Superfoods to the Rescue: Seven Summer Superfoods that Help Fight and Prevent Diseases

By Andre Bierzynski

It's a bird, it's a plane…’s superfoods! While superfoods may not fly or wear capes, they can still be the hero of your plate. Summer is here and the time for exploring the fresh taste of in-season fruits and veggies is now! Whether you are lounging on the beach with your favorite novel or hanging out in the park with your loved ones, celebrate summer with superfoods. We went hunting for seven of the healthiest foods in-season right now, so you don’t have to. 

  • Berries
  • Berries get their vibrant color from anthocyanin. Anthocyanin contains antioxidants that fight the cell-damaging molecules that could lead to chronic diseases. Berries, especially blackberries and blueberries, become more affordable during the summer months and are perfect with yogurt for breakfast or mixed into a fresh salad for lunch and dinner. 

  • Beets 
  • Beets are often underrated, but they deserve more credit. Beets are low in calories and impressively high in vitamins and minerals. Beet juice has been found to help regulate blood pressure. High blood pressure can lead to heart attacks, stroke, or heart disease. Beets are also known for aiding brain health, digestive health, athletic performance, inflammation, and weight loss. Beets are incredibly easy to incorporate into your diet. Making your own beetroot juice is a fun and fresh way to stay hydrated and heart healthy this summer. However, avoid heavily processed and pre-bottled beet juices that contain a lot of sugars and additives. 

  • Tomatoes 
  • Tomatoes in the summer are just bursting with flavor and health benefits. Cooked or raw, tomatoes are extremely versatile and deliver a punch of lycopene, vitamin A and C, potassium, and so much more. Research has shown that tomatoes can improve heart health by lowering LDL cholesterol and reducing blood pressure. Add tomatoes to salads, sandwiches, breakfast omelettes, or eat them plain as a snack.

  • Asparagus 
  • Asparagus has tons of nutrients and very few calories. It’s an excellent source of vitamin K, which is necessary for blood clotting and bone health. Asparagus is high in three essential flavonoids that have been found to lower blood pressure. Purple asparagus contains anthocyanins (the same antioxidant that gives berries their vibrant color), which are important for reducing the risk of heart attacks and heart disease. Most people don’t realize that asparagus can be eaten raw. Dip asparagus in hummus for a healthy snack on the go. When picking out asparagus in the grocery store, look for a batch that is firm and bright green or deep purple.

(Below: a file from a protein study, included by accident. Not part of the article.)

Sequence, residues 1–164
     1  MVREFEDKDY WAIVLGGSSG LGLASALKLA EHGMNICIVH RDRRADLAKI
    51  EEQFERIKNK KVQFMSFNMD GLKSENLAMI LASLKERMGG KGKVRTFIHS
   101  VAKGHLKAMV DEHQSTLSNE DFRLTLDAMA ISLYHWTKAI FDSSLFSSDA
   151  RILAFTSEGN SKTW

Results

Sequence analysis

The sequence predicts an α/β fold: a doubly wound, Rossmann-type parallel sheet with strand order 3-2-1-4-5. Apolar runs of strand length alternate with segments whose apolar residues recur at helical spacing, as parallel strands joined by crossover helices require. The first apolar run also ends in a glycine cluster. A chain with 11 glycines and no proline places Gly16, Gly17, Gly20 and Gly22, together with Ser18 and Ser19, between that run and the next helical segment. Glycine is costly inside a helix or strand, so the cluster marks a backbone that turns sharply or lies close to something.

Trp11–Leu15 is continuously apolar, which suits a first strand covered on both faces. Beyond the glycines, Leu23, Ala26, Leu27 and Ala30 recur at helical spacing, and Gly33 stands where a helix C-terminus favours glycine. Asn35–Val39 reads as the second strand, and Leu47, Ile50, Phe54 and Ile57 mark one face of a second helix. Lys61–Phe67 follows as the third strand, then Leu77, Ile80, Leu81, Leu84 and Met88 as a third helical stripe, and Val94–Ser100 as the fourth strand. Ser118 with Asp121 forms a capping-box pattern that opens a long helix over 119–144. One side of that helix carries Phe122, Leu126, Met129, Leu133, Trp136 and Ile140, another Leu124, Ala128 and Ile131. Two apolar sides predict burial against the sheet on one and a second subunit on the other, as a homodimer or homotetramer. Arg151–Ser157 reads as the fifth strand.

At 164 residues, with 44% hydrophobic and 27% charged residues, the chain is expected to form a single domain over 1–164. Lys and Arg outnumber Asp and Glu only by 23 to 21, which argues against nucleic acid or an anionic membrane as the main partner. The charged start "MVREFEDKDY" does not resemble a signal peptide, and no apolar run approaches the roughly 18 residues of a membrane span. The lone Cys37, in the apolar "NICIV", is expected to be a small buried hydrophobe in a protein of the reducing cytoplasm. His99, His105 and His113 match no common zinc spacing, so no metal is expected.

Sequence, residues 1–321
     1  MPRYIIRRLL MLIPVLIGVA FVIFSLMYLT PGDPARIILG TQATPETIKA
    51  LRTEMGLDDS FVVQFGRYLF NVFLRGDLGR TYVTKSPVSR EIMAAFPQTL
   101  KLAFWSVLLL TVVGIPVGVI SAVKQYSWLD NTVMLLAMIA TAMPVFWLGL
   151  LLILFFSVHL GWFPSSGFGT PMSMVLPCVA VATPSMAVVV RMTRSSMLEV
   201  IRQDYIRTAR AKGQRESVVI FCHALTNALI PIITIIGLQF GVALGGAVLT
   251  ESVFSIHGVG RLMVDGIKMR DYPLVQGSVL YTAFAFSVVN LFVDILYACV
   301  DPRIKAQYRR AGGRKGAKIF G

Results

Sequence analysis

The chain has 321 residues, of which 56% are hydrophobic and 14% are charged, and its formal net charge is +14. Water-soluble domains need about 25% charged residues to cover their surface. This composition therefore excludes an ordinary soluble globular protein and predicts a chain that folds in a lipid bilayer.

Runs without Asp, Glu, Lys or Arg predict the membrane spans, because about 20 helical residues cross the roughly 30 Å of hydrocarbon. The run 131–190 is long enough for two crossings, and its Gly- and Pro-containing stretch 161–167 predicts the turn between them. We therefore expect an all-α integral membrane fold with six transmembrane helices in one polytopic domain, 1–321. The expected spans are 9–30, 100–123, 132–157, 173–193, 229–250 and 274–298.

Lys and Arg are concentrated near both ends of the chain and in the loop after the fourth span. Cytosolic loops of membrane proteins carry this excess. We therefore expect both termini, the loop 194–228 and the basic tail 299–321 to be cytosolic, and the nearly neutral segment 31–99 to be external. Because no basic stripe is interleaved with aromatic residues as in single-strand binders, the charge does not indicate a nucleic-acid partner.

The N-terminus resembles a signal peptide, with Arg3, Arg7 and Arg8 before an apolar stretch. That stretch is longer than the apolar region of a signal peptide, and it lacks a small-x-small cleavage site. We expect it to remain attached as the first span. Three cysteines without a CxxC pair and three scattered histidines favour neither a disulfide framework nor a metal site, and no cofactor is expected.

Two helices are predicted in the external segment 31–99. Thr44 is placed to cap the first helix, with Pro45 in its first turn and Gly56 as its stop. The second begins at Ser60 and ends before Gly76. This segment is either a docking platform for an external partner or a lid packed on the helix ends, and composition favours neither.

• Peaches
  • Peach contains 330 milligrams of potassium. That's three times the potassium in a banana! Blood Pressure UK reports that potassium-rich foods can lower blood pressure and regulate sodium levels. Local farmers markets are overflowing with fresh peaches during the summer months. Grilling peaches brings out their natural sweetness for a nutritionally dense summer treat. 

  • Eggplant
  • While eggplants, or aubergines, are commonly seen as a vegetable, they are technically a fruit. (Fruits come from flowering plants and contain seeds.) Eggplants are also packed with vitamins and minerals. The purple color, like purple asparagus and berries, comes from anthocyanins, which are proven to help reduce the risk of heart disease and decrease heart attack severity. Eggplants are a low-calorie replacement for many high-calorie ingredients. For a home-cooked family meal, make an eggplant lasagna (swap out pasta for thinly sliced eggplant!). You can also roast or grill eggplant for a smoky and summery, barbecue flavor. 

  • Dark leafy greens
  • When reaching for leafy greens to make that salad, remember: the darker the green, the more nutrient-dense it will be. Substitute romaine for iceberg lettuce, and toss in some kale or spinach. If you are feeling adventurous, we love swiss chard and bok choy as well. These greens are packed full of vitamins and minerals, like folate and magnesium, carotenoids, and yes, antioxidants. Studies show that magnesium-rich foods, like kale, can help reduce the risk of developing type 2 diabetes.For a little variety in your diet, try sauteeing your dark leafy greens with garlic or sneaking a handful into a fruit smoothie for an extra boost of nutrients in the morning.An easy way to remember these seven superfoods: eat the rainbow. Fresh produce with dark, vibrant colors will pack the strongest punch of nutrients. Take control of your health, and let these superfoods save the day, every day this summer. 

    Superfoods, just like Superman, help fight the bad guys. In this case, the bad guys are diseases. The American Heart Association recommends eating four to five servings a day of fruits and vegetables to fuel a stronger and healthier body. Mix these superfoods with regular physical activity, in consultation with your doctor, to help you feel super, too. 

    The Let’s Be Well Healthy Heart boxes come with a “Cooking with Color” cookbook packed full of inspiring new recipes that make superfoods the hero of the meal. If you make a recipe with any of these superfoods, be sure to tag us on social media and hashtag #LetsBeWellSuperFoods! You can also keep track of your superfood intake in your Lets Be Well health journal. 

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